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“They say you gon’ reap what you sow / There ain’t no love here in this place that I call home” — Lloyd Banks, from the album “All or Nothing: Live it Up”


The city of Charleston is now offering $5,000 for remote workers to move here, touting Charleston’s amenities and low cost of living. “Maybe you want to get out of the big city and settle in a place with fewer crowds and highways, and more mountains, streams, and four distinct seasons,” crows the Charleston Roots Initiative’s site. Charleston: Small-town charm — now with big-city HIV rates!

Perhaps they should include a bit about the city’s burgeoning HIV and hepatitis C crises, since Mayor Amy Goodwin and the Charleston City Council seem hell-bent on making a bad situation worse.

On April 19, despite Charleston having the worst HIV outbreak in the United States, the City Council voted, 25-1, to effectively criminalize harm reduction programs that are the firewall against such outbreaks. I guess science denial isn’t just for Republicans, social conservatives and geezers anymore.

To be fair, the folks running Solutions Oriented Addiction Response — the volunteer-based needle distribution program at the heart of the debate — could have done better. By all accounts, they pretty much just went into these neighborhoods and set up shop, and then seemed surprised when neighbors weren’t totally thrilled by all that needle distribution brings.

Let me be clear: I think SOAR is a courageous group of good people doing critically important work. They could, however, have done a better job of laying the groundwork and establishing rapport with the neighborhoods in which they worked.

But now, our mayor — who, as Cathy Kunkel pointed out in a recent op-ed, promised leadership on the issue of harm reduction, yet has been a veritable ghost — and our council members (including the youthful and the seemingly progressive), in a fit of reactionary provincialism, have screwed the pooch, and voted to stick our collective head even further into the sand than did the state Legislature.

When you outdo the state Republican Party not only in science denial, but also in closet puritanism and punitive, fear-based policymaking, well, that’s quite a feat. I’ll say this for former mayor Danny Jones: At least he was honest about disliking needle exchanges, and didn’t cloak his outright malice toward them in do-gooding tropes like our current mayor and council members have.

The Charleston Roots Initiative says, “... CWV welcomes your skills and expertise.” That is, unless you’re a harm reduction expert, in which case I’d sadly advise that your skills and expertise won’t be welcomed here.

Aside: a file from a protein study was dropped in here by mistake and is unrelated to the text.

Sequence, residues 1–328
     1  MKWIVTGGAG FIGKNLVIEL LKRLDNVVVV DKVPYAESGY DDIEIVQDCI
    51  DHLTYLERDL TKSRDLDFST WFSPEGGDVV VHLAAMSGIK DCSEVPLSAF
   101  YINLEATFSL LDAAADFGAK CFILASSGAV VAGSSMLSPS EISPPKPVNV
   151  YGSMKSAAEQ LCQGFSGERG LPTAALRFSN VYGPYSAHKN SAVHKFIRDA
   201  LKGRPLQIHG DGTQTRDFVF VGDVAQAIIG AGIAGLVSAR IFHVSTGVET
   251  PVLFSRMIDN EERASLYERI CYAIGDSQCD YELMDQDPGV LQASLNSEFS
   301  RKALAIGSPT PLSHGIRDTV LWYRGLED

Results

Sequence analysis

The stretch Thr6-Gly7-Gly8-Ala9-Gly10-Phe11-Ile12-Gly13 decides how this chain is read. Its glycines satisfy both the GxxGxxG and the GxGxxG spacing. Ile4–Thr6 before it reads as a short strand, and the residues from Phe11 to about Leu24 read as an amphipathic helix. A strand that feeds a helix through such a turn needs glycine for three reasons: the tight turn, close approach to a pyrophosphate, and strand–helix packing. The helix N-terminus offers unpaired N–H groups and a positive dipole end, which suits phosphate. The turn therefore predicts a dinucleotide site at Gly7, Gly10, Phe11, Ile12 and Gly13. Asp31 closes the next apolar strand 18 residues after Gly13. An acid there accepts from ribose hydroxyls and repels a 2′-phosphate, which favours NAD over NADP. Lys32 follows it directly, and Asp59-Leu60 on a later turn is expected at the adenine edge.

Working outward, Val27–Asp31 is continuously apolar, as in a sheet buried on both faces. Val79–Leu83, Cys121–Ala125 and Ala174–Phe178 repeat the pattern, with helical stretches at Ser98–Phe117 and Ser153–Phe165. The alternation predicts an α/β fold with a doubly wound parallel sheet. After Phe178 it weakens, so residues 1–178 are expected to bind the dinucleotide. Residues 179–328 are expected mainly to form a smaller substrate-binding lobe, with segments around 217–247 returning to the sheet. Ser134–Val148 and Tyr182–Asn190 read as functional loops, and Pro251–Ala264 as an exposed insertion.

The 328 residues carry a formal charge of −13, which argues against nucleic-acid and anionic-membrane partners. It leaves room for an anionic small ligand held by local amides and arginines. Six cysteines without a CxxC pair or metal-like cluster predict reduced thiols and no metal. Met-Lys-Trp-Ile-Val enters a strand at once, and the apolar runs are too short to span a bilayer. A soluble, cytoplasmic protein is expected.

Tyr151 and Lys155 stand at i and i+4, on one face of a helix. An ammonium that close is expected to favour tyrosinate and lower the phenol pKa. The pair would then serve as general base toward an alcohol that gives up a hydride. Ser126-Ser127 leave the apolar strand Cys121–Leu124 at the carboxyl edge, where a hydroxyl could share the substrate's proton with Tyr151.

“Be not deceived; God is not mocked: for whatsoever a man soweth, that shall he also reap.” (Galatians 6:7, KJV)

Hoppy Kercheval very recently expressed dismay in a column in which he marveled that state leaders are having one hell of a time motivating people to get a COVID-19 vaccine. “Why should [Gov. Jim Justice], or any state leader for that matter, have to beg people and lure them with a $100 savings bond so they will get vaccinated?” Oh! I can answer that for you, Mr. Kercheval.

In a recent CBS News poll, the question was asked: “If the coronavirus vaccine becomes available, at no cost to you, would you ...?”

How do you think Trump voters answered? Yeah, 33% of them chose the final option: “Never get one.”

Now recall that, as a state, West Virginia voted for Trump by a margin of nearly 3-1 in the 2020 election.

That is to say, nearly 70% of people here voted for a guy who said time and time again that climate change is a Chinese hoax, who sincerely and unironically suggested drinking or injecting disinfectant to fight COVID-19, who said that wind farms are “bad for people’s health,” who said that “environmentally friendly light bulbs cause cancer,” and who said that California wildfires could have been prevented if only they had “[cleaned] your floors, you gotta clean your forests.”

Trump, however, is far from the first GOP lawmaker to think he or she understands science better than scientists. Rep. Lamar Smith, who was, ironically enough, the chairman of the House Committee on Science, Space and Technology, claimed that a study published in Nature Climate Change “confirms the halt in global warming.”

Michelle Bachman said carbon dioxide is “harmless,” and that she believes in intelligent design, rather than evolution.

The late Herman Cain said climate change isn’t a “crisis.”

Rick Perry said “[intelligent design] ... should be presented in schools alongside the theories of evolution.”

For 23 years, the Dickey Amendment, named after Rep. Jay Dickey, R-Ark., effectively blocked all federally funded research on gun violence.

Rick Santorum called the idea of human-made climate change “just patently absurd.”

As Business Insider reported two years ago, “more than 100 current members of Congress ... have expressed skepticism about climate science, or concerns about the cost of more regulations. All but one are Republican.”

According to the Center for American Progress, there are now 139 climate change deniers “[comprising] 52% of House Republicans [and] 60% of Senate Republicans.”

As far back as 2015, Trump was repeating the thoroughly debunked claim that vaccines cause autism.

Why are Kercheval and Justice at all surprised that a huge swath of West Virginia residents don’t want to be vaccinated? The Republican Party has sown science denialism in their base for decades. Now reaping the fruit of this foolishness, they shouldn’t be the least bit surprised.

Rafe Godfrey is a Gazette-Mail copy editor and a master’s student at Marshall University.

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